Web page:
Simone Joyaux is recognized internationally as one of the nonprofit sector’s most thoughtful, inspirational and provocative leaders.
She’s an expert in fund development, board and organizational development, strategic planning, and management. She has clients located throughout the U.S. and in other countries, include all types and sizes of nonprofits/NGOs, including foundations and government.
Simone has been a good friend to Asking Matters since the inception of the site. We so appreciate her clear and thoughtful voice.
Suggestions for Effective Solicitation
The best way to solicit most gifts – no matter the size – is to meet in person. And if you’re looking for big gifts, remember the prospect defines what is big.
Always remember: This is a conversation, not a presentation! Describe your project and how it helps to solve a community problem; match the prospect’s needs to those of your cause; and ask for the prospect’s support.
Focus on the prospect. The donor gives through your organization to achieve his/her desires. Learn about what she wants to accomplish. Describe the impact he can have.
1. Help Your Solicitors Pick the Right Prospects.
Keep this mantra in mind: Soliciting works when the right prospect is asked by the right solicitor for the right project at the right amount in the right way at the right time.
2. Solicit in Person.
Face-to-face conversation is the best way. Eye contact. Body language. Effective communications is much more than just words.
Be careful: When making the appointment to meet, don’t accidentally solicit over the telephone.
3. Convince Yourself First.
You have to give before you can ask someone else to give. Your own giving lends credibility to the solicitation process.
4. Know Your cause and Tell Good Stories.
Be knowledgeable about the problems and opportunities and the role that your organization plays in responding to this situation. Be familiar with the programs, services, and financing of your organization. Review support materials before you meet with the prospect.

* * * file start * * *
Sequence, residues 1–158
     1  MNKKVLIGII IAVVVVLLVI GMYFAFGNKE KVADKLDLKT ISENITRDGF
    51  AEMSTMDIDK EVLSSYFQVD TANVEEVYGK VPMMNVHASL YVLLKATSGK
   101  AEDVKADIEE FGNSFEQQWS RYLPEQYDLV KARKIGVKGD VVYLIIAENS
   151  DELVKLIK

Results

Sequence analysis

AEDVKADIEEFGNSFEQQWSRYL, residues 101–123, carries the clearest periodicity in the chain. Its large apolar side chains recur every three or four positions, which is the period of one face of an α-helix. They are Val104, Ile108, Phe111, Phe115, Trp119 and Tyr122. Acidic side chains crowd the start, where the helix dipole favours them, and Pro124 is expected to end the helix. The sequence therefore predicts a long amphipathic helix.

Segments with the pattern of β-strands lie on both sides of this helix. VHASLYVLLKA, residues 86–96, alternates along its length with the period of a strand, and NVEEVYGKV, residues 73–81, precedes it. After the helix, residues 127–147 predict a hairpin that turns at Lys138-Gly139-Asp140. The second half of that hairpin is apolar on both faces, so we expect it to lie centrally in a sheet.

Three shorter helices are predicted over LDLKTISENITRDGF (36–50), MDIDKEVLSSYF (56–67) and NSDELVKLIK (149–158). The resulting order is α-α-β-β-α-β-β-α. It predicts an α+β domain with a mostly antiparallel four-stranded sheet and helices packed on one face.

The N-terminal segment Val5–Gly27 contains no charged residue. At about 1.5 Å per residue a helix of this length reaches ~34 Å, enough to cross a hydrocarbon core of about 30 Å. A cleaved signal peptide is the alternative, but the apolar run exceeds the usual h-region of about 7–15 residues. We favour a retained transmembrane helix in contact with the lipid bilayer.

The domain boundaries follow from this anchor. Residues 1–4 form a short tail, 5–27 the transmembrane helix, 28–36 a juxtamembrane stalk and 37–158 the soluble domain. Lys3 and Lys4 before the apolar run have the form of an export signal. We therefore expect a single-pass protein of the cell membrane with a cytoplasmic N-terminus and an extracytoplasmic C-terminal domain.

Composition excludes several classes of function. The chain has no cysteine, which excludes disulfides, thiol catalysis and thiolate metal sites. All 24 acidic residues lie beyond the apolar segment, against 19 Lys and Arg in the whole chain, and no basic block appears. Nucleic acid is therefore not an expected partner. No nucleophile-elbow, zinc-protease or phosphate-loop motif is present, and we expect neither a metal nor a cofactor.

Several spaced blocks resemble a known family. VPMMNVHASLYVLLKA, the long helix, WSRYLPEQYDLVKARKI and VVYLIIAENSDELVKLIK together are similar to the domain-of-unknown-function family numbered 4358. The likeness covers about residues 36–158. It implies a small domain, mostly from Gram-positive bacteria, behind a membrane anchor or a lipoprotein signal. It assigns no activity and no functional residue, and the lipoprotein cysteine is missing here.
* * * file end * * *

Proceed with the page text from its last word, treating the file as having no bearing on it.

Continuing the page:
Most especially, tell a story about real people who are helped by your organization. Explain the impact that the prospect will have.
And don’t worry if you can’t answer questions that the prospect asks. Tell the prospect you’ll get the answer. Another contact is good.
5. Know Your Prospect – Her Motivations and Aspirations, Interests and Disinterests.
Staff provides you with lots of this information. Your conversation with the prospect helps you gain insights. Listen well. Invite the prospect to share his experiences and stories.
6. Ask for A Specific Amount, and Secure A Promise.
Use the phrase: “Would you please consider a gift of $____.” And staff provides you with that request amount.
Asking for a specific amount actually makes the prospect more comfortable. The prospect sees how s/he might fit and help. Then the prospect decides.
As a solicitor, your job is to get an answer. If the prospect isn’t ready to decide at that moment, arrange when you can call back.
7. Carry Out Your Job.
You are wonderful to help with this important personal contact. Please stick to the timetable. Don’t delay making your calls.
As soon as your prospect makes a pledge, report to the staff. Then the staff can send a timely thank-you letter. It’s critical that the donor receive that thank-you immediately.
8. At the Solicitation Meeting.
Remember! Engage the prospect in conversation. This is not a presentation. Conversation is back and forth, commenting on each other’s thoughts, learning each other’s interests. Listen well. Validate. Watch the body language.
Explain your role as a volunteer. Mention your own gift to demonstrate your commitment to the cause.
Talk about impact – your organization’s impact and the prospect’s impact through giving. Talk about how the prospect’s gift can influence others to give.
Ask for the specific amount – the amount staff told you to request. That request will aim as high as possible, challenging and stretching the prospect.
Get a commitment to you. Call back if necessary. The staff can then handle the official thank-you letter and the gift envelope.
9. What If…Contingency Plans!
The prospect may well agree to consider a gift but wants more time to decide, to talk with someone else in the family, etc. That’s fine. Ask if you can provide more information. Ask when you can call back to finalize the gift.
Very sophisticated solicitors may negotiate with the prospect for a larger gift. But don’t try that unless you know how.
10. After the Meeting…
Your job isn’t done until you report to the office. Please report immediately – don’t wait until you’ve finished all your solicitations. Don’t delay. Because your delay will delay the thank-you letter to the donor. And that’s not good, not good at all. Donors deserve immediate thanks.
And you deserve thanks, too. Thank you for taking on these important conversations for an organization you care for.
Did you enjoy reading this piece by Simone Joyaux? Take a look at her 4-part series on Your Board and Fundraising.